[Show abstract] [Hide abstract]
    ABSTRACT: Proprioceptive deficits negatively affect postural control but their precise contribution to postural instability in Parkinson's disease (PD) is unclear. We investigated if proprioceptive manipulations differentially affect balance, measured by force plates, during quiet standing in 13 PD patients and 13 age-matched controls with a history of falls. Perceived limits of stability (LoS) were derived from the differences between maximal center of pressure (CoP) displacement in anterior-posterior (AP) and medio-lateral (ML) direction during a maximal leaning task. Task conditions comprised standing with eyes open (EO) and eyes closed (EC): (1) on a stable surface; (2) an unstable surface; and (3) with Achilles tendon vibration. CoP displacements were calculated as a percentage of their respective LoS. Perceived LoS did not differ between groups. PD patients showed greater ML CoP displacement than elderly fallers (EF) across all conditions (p = 0.043) and tended to have higher postural sway in relation to the LoS (p = 0.050). Both groups performed worse on an unstable surface and during tendon vibration compared to standing on a stable surface with EO and even more so with EC. Both PD and EF had more AP sway in all conditions with EC compared to EO (p < 0.001) and showed increased CoP displacements when relying on proprioception only compared to standing with normal sensory input. This implies a similar role of the proprioceptive system in postural control in fallers with and without PD. PD fallers showed higher ML sway after sensory manipulations, as a result of which these values approached their perceived LoS more closely than in EF. We conclude that despite a similar fall history, PD patients showed more ML instability than EF, irrespective of sensory manipulation, but had a similar reliance on ankle proprioception. Hence, we recommend that rehabilitation and fall prevention for PD should focus on motor rather than on sensory aspects.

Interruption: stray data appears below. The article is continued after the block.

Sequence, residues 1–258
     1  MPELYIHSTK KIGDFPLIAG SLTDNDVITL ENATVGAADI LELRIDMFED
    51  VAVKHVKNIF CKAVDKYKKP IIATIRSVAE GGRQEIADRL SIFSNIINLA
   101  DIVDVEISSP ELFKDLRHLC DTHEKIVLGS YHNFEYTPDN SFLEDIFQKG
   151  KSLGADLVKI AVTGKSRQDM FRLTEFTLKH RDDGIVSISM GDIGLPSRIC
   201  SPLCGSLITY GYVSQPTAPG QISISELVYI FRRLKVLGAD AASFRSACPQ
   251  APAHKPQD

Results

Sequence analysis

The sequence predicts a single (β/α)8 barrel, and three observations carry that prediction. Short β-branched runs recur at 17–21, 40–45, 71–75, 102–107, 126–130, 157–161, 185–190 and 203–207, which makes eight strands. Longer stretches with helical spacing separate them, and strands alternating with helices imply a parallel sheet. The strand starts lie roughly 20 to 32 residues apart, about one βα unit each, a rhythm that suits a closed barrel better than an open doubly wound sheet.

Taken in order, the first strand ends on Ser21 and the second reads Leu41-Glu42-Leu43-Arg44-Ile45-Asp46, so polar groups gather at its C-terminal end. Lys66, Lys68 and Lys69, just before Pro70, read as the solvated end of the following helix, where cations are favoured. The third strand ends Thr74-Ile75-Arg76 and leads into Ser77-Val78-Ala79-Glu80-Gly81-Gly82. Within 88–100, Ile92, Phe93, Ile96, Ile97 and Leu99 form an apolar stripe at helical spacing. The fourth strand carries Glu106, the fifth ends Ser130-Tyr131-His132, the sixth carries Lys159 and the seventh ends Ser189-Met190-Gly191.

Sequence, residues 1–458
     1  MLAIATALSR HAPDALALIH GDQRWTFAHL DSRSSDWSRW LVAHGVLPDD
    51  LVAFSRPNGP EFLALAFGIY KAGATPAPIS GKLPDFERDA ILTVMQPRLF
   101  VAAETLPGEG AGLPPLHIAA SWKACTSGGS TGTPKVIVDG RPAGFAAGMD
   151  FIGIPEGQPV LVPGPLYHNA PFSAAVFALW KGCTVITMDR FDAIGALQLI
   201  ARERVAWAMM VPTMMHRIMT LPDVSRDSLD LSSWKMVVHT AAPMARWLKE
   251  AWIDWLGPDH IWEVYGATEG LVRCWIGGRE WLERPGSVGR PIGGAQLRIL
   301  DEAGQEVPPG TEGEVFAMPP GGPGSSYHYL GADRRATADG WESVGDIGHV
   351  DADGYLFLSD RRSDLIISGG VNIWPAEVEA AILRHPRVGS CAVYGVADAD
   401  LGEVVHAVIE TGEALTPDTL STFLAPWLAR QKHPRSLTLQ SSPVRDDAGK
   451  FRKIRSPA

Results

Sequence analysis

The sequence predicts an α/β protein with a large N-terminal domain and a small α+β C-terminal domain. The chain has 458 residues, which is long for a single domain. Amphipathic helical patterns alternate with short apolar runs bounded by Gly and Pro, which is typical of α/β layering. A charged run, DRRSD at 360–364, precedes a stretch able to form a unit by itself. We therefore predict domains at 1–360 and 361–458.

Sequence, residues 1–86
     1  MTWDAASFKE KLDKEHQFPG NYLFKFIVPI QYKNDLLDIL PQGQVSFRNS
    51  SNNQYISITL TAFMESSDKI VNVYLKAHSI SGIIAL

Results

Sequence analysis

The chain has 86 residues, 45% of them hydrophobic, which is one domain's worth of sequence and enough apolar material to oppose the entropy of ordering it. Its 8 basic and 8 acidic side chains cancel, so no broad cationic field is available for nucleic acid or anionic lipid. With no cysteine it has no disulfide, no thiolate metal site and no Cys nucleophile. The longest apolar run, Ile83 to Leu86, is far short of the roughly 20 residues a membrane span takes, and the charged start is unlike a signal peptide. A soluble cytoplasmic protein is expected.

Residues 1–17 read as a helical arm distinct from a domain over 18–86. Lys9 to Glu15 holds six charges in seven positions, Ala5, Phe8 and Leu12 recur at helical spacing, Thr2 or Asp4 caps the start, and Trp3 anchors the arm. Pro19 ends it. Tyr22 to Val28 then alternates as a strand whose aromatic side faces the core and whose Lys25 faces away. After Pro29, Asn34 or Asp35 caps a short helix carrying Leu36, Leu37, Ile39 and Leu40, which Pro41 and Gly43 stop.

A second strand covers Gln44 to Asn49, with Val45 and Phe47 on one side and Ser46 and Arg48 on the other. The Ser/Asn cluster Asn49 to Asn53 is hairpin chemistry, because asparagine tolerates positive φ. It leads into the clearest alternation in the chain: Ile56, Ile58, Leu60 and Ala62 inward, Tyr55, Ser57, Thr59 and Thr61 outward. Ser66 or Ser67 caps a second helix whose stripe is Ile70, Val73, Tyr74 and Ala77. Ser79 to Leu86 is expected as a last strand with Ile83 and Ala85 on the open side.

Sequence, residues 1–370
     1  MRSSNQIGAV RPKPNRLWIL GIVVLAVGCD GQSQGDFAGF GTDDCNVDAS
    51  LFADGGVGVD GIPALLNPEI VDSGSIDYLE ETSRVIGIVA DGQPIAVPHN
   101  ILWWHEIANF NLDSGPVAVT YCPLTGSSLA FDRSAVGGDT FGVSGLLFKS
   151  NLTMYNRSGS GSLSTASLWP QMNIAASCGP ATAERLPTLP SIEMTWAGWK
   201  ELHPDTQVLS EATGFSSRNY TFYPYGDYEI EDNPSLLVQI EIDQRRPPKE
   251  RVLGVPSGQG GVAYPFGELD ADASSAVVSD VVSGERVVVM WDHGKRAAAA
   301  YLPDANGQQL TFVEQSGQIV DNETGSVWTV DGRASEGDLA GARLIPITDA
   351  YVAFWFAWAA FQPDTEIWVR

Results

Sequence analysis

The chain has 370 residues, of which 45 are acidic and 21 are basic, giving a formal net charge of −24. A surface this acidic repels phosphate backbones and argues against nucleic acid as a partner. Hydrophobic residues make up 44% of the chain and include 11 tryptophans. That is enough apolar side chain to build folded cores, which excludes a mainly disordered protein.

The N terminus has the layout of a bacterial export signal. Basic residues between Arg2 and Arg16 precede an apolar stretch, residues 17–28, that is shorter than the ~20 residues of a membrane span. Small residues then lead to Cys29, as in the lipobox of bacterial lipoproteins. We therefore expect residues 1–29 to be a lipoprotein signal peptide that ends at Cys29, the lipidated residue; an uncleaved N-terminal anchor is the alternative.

Frontiers in Human Neuroscience 11/2014; 8:939. DOI:10.3389/fnhum.2014.00939 · 3.63 Impact Factor
  • Source